Skip to content

Bill to Expand HCBS for Veterans Introduced in Congress

Bill to Expand HCBS for Veterans Introduced in Congress

Courtesy of the National Association for Home Care & Hospice (NAHC)

Bipartisan legislation to ensure that veterans are able to receive care in their homes for as long as possible has been introduced in the U.S. House of Representatives. The Elizabeth Dole Home and Community Based Services for Veterans and Caregivers Act of 2022 (H.R.6823) would expand and improve expand the home- and community-based services (HCBS) programs within the Department of Veterans Affairs (VA), and align public policy with improved outcomes and patient choice, which is to stay in their own home.

Home care industry groups, including the National Association for Home Care & Hospice, support this bill, as it will make much-needed improvements to the delivery of HCBS for veterans, enabling options in how and where they receive care, while also working to address workforce shortages and support family caregivers.

Specifically, this legislation would:

  • Expand access to HCBS services for veterans living in U.S. territories and to Native veterans enrolled in the Indian Health Service (IHS) or tribal health program;
  • Raise the cap on how much the VA can pay for the cost of home care from 65% of the cost of nursing home care to 100%;
  • Coordinate expanded VA home care programs with other VA programs;
  • Establish a pilot project to address home health aide shortages;
  • Providing respite care to caregivers of veterans enrolled in home care programs;
  • Establish a “one-stop-shop” webpage to centralize information for families and veterans on programs available;
  • Require the VA to provide a coordinated handoff for veterans and caregivers denied or discharged from the Program of Comprehensive Assistance for Family Caregivers into any other home care program for which they may be eligible.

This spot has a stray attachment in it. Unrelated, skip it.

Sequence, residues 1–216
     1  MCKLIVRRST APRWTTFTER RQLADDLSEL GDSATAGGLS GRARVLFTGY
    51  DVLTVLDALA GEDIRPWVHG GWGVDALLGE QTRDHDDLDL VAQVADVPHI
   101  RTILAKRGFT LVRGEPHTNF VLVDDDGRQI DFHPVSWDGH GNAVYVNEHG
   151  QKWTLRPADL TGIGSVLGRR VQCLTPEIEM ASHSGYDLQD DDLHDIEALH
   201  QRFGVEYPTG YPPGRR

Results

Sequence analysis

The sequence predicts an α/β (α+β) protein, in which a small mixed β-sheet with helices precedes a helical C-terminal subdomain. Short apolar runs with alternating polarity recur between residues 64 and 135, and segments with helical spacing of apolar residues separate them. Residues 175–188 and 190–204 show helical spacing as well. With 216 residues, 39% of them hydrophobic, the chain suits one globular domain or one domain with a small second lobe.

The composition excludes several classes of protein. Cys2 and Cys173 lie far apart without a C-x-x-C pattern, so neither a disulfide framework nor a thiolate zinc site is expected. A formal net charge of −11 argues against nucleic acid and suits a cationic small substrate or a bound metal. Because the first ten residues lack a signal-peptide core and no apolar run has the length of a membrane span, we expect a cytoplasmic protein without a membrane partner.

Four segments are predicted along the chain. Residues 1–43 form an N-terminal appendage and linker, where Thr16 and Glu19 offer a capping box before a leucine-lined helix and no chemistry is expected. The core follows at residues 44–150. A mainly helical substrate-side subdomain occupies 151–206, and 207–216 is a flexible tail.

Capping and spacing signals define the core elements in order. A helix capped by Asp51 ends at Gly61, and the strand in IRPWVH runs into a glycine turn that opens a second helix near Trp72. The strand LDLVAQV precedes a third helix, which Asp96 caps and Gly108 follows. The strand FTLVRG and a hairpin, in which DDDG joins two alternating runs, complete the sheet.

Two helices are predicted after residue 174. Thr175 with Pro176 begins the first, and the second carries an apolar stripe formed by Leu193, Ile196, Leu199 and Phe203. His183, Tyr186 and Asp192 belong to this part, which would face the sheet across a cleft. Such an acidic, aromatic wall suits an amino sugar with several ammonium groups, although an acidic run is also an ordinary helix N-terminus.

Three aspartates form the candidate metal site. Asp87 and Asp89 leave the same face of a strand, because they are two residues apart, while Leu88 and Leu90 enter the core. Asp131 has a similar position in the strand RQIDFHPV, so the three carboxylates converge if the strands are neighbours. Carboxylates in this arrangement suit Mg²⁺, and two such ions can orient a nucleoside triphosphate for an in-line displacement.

The legislation is led by Representatives Julia Brownley (D-CA) and Jack Bergman (R-MI) and NAHC thanks them for their leadership on this important issue.

Upon the bill's introduction, Representative Brownley stated, “Over half of all veterans that use VA are over the age of 65, age, combined with their unique health needs, makes many elderly veterans especially vulnerable to going into nursing homes and institutional care. Our nation’s veterans deserve the right to age comfortably and with dignity in their homes.

“I introduced the Elizabeth Dole Home and Community Based Services for Veterans and Caregivers Act to ensure that every veteran has access to the care they need, when and where they need it. The focus of my legislation is to keep veterans in their homes for as long as possible, if they want, bringing them the care they need to the place they feel most comfortable, and ensure that every VA medical center has these necessary support programs.

“By expanding home and community-based services, veterans will have the assistance needed to remain members of their communities, to be present in their family lives, to support their caregivers, and to age with dignity.”

Representative Bergman added, “As the studies show and as many of the older Veterans throughout our Nation will attest, care in home settings is often preferable to care in a clinical facility. This is especially true for those disabled and elderly Veterans living in the rural and remote communities of Michigan’s First Congressional District. The Elizabeth Dole Home and Community Based Services for Veterans and Caregivers Act recognizes this reality.”

A hearing on the bill is scheduled for March 16, 2022. To learn more about this bill and other federal legislation being monitored by HCAF's public policy team, click here.

Powered By GrowthZone